"Our industry is already grappling with a 20% decrease in hotelrevenue over last year, in November alone," says John Fitzpatrick,president and CEO of the Fitzpatrick Manhattan Hotel and thechairman of the Hotel Association of New York City, in a preparedrelease. "This tax increase, on top of the 14.54% our customersalready pay" in the form of other state and local taxes in additionto the room tax--"is a lump of coal in a holiday stocking that willdrive visitors away. The net result will be reduced revenue for thecity and the state and increased job losses at hotels and thebusinesses we support."

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In the release, the association cites an analysis conducted bySean Hennessey, CEO of Lodging Advisors. Hennessey's data projectedthat even a 1% increase on the hotel tax would cause a loss of morethan $533 million in room sales and associated visitor spending,3,716 jobs in the hotel industry and businesses supported by hotelsand more than $162 million in wages at hotels and businessessupported by hotels.

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"This tax would make New York City's combined hotel rate thesecond highest in the country after Houston," says Hennessey in arelease. "Instead of generating new revenues, any increase in taxescould have the opposite effect. More taxes on top of astrengthening US dollar could divert tourists and travelerselsewhere or cause them to shorten their stays."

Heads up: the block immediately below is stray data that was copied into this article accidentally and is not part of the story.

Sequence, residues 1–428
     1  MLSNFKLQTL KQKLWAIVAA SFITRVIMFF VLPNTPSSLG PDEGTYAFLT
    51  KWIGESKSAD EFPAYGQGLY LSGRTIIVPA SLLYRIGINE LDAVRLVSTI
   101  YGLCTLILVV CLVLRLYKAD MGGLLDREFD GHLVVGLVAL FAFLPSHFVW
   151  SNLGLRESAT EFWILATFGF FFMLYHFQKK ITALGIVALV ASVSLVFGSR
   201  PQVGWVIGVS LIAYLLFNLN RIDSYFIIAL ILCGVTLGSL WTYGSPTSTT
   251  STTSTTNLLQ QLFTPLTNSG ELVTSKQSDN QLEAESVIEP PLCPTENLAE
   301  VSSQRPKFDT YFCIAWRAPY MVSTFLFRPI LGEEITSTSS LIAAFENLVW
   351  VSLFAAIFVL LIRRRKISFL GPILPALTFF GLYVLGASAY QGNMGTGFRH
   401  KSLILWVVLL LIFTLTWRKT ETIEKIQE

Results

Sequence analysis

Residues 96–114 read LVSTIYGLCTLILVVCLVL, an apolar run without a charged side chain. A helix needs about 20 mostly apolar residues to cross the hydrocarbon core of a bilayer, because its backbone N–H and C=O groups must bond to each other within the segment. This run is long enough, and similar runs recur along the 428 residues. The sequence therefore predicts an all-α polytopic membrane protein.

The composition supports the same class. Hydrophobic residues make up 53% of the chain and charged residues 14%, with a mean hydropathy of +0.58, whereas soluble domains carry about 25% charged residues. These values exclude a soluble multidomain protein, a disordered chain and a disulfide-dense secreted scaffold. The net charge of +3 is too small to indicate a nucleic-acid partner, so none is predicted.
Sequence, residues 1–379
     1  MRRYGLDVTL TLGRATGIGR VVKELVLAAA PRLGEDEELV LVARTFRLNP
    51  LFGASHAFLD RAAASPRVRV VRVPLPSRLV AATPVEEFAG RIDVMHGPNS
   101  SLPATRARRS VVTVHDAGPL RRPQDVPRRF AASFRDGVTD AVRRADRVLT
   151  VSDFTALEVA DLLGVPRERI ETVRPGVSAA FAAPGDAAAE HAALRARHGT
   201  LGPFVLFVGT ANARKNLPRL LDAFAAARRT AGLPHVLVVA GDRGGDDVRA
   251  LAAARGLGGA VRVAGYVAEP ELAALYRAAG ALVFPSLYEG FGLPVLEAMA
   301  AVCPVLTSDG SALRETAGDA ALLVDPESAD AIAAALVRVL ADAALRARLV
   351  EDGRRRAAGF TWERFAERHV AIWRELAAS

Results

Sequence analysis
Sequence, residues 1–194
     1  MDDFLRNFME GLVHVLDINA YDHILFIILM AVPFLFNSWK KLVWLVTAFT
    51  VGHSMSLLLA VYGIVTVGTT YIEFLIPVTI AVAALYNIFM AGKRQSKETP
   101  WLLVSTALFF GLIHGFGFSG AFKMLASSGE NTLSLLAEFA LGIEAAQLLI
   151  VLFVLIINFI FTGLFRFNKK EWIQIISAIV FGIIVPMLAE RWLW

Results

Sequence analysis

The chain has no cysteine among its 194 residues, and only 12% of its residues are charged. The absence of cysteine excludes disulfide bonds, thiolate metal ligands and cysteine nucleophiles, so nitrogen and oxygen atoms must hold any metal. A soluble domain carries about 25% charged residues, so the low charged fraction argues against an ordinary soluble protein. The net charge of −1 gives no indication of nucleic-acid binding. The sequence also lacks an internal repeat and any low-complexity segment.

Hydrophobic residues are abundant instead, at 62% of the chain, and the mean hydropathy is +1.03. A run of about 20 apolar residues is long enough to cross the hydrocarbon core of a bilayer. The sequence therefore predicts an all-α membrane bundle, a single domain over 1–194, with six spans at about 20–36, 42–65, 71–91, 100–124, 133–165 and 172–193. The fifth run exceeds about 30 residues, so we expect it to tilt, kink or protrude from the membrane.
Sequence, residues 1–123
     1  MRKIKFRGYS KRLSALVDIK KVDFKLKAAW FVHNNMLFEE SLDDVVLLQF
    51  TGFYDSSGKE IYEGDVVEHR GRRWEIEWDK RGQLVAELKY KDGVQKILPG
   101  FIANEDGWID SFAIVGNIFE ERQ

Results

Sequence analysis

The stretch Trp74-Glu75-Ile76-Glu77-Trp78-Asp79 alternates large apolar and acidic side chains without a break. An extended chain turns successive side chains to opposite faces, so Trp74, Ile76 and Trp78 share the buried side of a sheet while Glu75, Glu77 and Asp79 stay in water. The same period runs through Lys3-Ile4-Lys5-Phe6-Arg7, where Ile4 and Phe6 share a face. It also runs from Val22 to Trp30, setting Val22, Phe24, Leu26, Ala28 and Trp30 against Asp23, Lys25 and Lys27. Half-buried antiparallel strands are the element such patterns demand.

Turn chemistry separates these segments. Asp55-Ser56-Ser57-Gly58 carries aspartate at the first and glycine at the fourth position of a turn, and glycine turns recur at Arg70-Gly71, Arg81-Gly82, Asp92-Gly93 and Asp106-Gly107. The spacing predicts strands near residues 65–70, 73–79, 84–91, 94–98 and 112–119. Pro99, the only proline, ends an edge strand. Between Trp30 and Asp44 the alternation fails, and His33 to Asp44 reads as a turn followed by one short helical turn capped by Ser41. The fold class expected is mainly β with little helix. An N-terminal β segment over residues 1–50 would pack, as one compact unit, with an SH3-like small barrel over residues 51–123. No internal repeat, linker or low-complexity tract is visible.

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Council member Lewis Fidler, who introduced the bill, says in astatement that the tax increase could raise $80 million for thecity by the end of FY 2010. "Asking foreign tourists to pay $2.62 anight on a $300 hotel bill is insignificant, especially when youconsider that we could use the $80 million generated to pay for1,000 new police officers and more." On a per-night room charge of$300, the tax hike would represent an additional outlay of $2.62,he says.

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While not taking a position on the proposed legislation, DanielLesser, senior managing director and industry leader of valuationand advisory services for CB Richard Ellis' hospitality and gaminggroup, points out that generally speaking any increase in travelexpenses can have an impact on business. However, he notes that therecession so far hasn't caught up with Manhattan tourism fromoverseas. "You walk through Times Square and you hear a lot offoreign accents and see a lot of shopping bags," he tellsGlobeSt.com.

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Going forward, Lesser says New York hoteliers have gotten ahandle on managing prices in a way they didn't after 9/11, whentravel-oriented websites set the pace with discounts. "The hotelsrealized that they have to take control of their own destiny" whenit comes to room rates, he says. "And they've done a good job ofholding the line."

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Lesser also tells GlobeSt.com that concerns about an impendingoversupply are mitigated by the fact that many of the rooms in thepipeline may not get built. "There are projects that are coming outof the ground and have their financing in place, and then there arethose that exist only in somebody's wishful thinking," he says."Those that don't have their financing right now aren't going toget done."

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Paul Bubny

Paul Bubny is managing editor of Real Estate Forum and GlobeSt.com. He has been reporting on business since 1988 and on commercial real estate since 2007. He is based at ALM Real Estate Media Group's offices in New York City.